The lease in question does not contain the terms "forever", "for all time", or "in perpetuity". The defendant argues, however, that the word "successive", which is found in Paragraph Nine and in a portion of the lease provision regarding rent, is similar in import to these customary words of perpetuity. Some courts accept the view that the word "successive" implies a perpetuity. E.g. Pechenik v. Baltimore & Ohio Railroad Co., 157 W.Va. 895, 205 S.E.2d 813 (1974); Gleason v. Tompkins, 84 Misc.2d 174, 375 N.Y.S.2d 247 (1975); McLean v. United States, 316 F.Supp. 827 (E.D.Va.1970). Others do not. E.g. Geyer v. Lietzan, 230 Ind. 404, 103 N.E.2d 199 (1952); Burke v. Permian Ford-Lincoln-Mercury, 95 N.M. 314, 621 P.2d 1119 (1981). We conclude, however, that the word "successive" does not have the same unmistakable import in the context of a lease agreement as do the customary words of perpetuity previously set out. The word "successive" is defined as: "Following one after another in a line or series." Black's Law Dictionary 1600 (rev. 4th ed. 1968). It does not convey the same unmistakable meaning that a lease agreement is of unlimited and unending duration as do the terms "forever", "for all time" and "in perpetuity". See Geyer v. Lietzan, 230 Ind. 404, 103 N.E.2d 199 (1952). The same is true of the term "for so long as" which the defendant also contends is an adequate expression of perpetuity.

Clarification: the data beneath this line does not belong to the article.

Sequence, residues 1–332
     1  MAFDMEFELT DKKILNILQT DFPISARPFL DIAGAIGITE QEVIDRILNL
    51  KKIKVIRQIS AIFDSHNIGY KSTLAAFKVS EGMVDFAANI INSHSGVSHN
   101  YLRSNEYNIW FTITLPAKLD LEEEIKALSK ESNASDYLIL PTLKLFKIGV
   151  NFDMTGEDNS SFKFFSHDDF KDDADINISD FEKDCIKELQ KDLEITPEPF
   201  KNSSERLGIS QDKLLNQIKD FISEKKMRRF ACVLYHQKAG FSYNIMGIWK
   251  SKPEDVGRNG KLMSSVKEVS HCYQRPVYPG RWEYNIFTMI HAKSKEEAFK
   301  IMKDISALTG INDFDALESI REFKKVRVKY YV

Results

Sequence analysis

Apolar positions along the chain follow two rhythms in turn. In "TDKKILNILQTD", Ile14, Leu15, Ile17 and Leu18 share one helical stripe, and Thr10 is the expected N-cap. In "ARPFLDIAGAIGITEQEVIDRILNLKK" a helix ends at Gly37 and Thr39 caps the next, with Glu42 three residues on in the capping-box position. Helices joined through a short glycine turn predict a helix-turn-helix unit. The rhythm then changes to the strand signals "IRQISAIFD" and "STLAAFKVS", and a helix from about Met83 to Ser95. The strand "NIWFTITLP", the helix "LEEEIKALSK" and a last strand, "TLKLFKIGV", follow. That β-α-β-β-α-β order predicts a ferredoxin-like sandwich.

Since the lease agreement here does not contain the customary words of perpetuity previously discussed or terms unmistakably of the same import, it creates neither a perpetual lease nor a right to perpetual renewals. Therefore, the trial court properly entered summary judgment for the plaintiff, and the decision of the Court of Appeals must be reversed.

The defendant contends that it is entitled to show the conduct and statements of the parties prior and subsequent to the execution of the lease to aid in construing the provisions relating to renewal. Parol evidence is admissible for such a purpose only if the writing is found to contain an ambiguity. E.g. Root v. Insurance Co., 272 N.C. 580, 158 S.E.2d 829 (1968). Under the rule we adopt and apply, however, there is no ambiguity in the lease agreement. Therefore, we reject this contention.

The defendant also contends that if the lease agreement is ambiguous with respect to the renewal provision, the defendant is entitled to present evidence to show the defenses of laches, mutual mistake of the parties and draftsman's error. Since no such ambiguity exists, we need not address these contentions.

The decision of the Court of Appeals is reversed. This case is remanded to the Court of Appeals with instructions to reinstate the summary judgment for the plaintiff entered by the trial court.

REVERSED AND REMANDED.

VAUGHN, J., took no part in the consideration or decision of this case.